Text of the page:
Democrats Ask Drug Policy Office to Do More to Combat Opioid Epidemic
Twenty Democratic senators are asking the Office of National Drug Control Policy to do more to combat the opioid epidemic, according to the Associated Press.
A new study finds a growing number of workers who get hurt on the job are getting their medication directly from their physicians, instead of pharmacies, which is driving up costs.
For example, the cost of Vicodin is four times higher when it is dispensed by doctors instead of pharmacies, according to the study by the Workers Compensation Research Institute (WCRI).
The researchers analyzed 5.7 million prescriptions paid under workers compensation from 23 states, from 2007 to 2008, and from 2010 to 2011. During that time period, the average price per pill paid to doctors for Vicodin rose 78 percent, while prices paid to pharmacies fell by 8 percent, The Baltimore Sun reports.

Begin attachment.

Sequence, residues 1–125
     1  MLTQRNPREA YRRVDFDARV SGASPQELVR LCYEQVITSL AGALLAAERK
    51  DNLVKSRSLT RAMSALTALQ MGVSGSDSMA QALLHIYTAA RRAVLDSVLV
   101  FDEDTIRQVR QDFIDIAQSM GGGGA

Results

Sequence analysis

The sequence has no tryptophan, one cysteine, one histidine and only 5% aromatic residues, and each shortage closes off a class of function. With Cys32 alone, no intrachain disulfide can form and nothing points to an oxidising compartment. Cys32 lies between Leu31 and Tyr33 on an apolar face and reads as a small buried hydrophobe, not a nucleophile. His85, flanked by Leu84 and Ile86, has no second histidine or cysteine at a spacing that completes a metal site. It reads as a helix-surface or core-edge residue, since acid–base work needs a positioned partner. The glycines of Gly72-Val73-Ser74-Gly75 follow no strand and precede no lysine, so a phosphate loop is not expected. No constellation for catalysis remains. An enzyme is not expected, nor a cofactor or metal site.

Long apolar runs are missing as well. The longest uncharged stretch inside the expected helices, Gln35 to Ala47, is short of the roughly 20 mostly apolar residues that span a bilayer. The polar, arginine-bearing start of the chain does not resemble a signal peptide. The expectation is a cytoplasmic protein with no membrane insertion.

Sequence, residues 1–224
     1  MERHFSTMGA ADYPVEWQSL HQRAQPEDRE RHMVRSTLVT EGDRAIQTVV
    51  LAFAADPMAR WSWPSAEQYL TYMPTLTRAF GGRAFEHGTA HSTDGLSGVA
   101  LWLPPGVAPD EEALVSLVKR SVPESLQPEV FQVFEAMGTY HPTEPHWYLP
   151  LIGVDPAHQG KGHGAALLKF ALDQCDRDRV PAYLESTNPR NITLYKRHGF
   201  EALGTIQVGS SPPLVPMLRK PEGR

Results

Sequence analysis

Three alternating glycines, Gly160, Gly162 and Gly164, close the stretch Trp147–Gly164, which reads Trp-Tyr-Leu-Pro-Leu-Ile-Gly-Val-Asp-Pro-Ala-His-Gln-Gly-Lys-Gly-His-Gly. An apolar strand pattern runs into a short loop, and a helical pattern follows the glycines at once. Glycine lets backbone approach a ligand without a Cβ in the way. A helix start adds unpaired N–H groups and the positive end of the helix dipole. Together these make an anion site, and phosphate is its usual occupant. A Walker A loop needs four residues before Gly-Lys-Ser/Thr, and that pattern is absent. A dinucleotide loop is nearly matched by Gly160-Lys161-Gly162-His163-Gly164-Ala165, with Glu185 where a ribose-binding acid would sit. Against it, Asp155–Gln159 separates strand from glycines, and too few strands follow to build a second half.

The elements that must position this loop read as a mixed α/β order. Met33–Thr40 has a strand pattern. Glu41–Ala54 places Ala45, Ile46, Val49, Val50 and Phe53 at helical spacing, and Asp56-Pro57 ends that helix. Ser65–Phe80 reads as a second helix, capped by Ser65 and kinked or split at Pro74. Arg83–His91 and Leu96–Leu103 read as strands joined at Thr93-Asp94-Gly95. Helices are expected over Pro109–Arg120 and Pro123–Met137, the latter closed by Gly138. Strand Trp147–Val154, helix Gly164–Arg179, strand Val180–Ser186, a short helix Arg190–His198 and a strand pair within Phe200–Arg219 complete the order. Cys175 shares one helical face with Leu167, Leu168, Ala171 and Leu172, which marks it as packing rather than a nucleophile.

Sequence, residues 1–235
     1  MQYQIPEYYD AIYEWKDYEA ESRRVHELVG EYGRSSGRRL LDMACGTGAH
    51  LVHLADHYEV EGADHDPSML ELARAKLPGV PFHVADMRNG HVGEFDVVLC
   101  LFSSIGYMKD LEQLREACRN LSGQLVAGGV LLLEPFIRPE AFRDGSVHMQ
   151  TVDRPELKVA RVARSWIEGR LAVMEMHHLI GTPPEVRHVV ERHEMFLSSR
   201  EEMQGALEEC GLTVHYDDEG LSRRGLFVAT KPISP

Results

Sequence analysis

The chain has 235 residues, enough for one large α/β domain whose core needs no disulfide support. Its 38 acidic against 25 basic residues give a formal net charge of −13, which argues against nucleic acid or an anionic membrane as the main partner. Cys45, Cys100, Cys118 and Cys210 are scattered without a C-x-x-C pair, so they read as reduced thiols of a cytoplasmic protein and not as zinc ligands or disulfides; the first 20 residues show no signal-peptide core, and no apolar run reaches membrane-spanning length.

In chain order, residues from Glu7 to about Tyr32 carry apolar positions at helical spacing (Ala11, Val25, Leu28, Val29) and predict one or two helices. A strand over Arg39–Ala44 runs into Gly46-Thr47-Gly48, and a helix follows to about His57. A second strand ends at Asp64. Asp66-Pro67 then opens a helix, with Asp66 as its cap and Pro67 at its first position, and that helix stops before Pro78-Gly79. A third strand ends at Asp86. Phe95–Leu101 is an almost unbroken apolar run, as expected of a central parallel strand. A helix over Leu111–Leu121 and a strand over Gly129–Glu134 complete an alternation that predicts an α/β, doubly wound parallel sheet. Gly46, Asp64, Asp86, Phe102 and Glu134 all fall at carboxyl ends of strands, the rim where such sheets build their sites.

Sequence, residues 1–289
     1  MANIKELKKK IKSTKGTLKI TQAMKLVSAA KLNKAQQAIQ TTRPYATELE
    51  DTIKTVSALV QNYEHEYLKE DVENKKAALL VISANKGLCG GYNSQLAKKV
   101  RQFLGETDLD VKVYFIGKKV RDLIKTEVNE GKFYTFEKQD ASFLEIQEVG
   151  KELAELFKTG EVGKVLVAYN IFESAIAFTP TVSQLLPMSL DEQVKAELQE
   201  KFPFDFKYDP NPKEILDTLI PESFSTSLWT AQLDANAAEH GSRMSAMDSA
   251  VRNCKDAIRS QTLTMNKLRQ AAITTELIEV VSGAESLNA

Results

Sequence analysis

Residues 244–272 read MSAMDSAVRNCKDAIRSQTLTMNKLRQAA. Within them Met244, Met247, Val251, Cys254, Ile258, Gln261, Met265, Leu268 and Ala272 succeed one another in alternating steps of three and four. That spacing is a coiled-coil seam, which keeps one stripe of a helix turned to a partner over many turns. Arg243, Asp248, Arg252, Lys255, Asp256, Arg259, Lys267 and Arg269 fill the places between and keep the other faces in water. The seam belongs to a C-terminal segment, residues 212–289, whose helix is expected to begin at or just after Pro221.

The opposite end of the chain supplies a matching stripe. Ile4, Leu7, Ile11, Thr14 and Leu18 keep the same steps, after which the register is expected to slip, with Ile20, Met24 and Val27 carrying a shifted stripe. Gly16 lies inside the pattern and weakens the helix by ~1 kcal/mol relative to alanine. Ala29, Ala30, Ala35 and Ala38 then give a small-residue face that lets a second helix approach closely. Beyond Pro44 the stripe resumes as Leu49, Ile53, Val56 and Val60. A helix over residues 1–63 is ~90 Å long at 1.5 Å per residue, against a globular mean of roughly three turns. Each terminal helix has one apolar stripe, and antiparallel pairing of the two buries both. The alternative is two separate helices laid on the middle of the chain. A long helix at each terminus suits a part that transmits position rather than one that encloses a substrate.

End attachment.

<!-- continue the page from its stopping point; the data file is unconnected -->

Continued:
“There is a great discrepancy between what doctors and pharmacies charge for dispensing the same drug,” Dr. Richard Victor, WCRI’s Executive Director, said in a news release. “One question for policymakers is whether the large price difference paid when physicians dispense is justified by the benefits of physician dispensing.”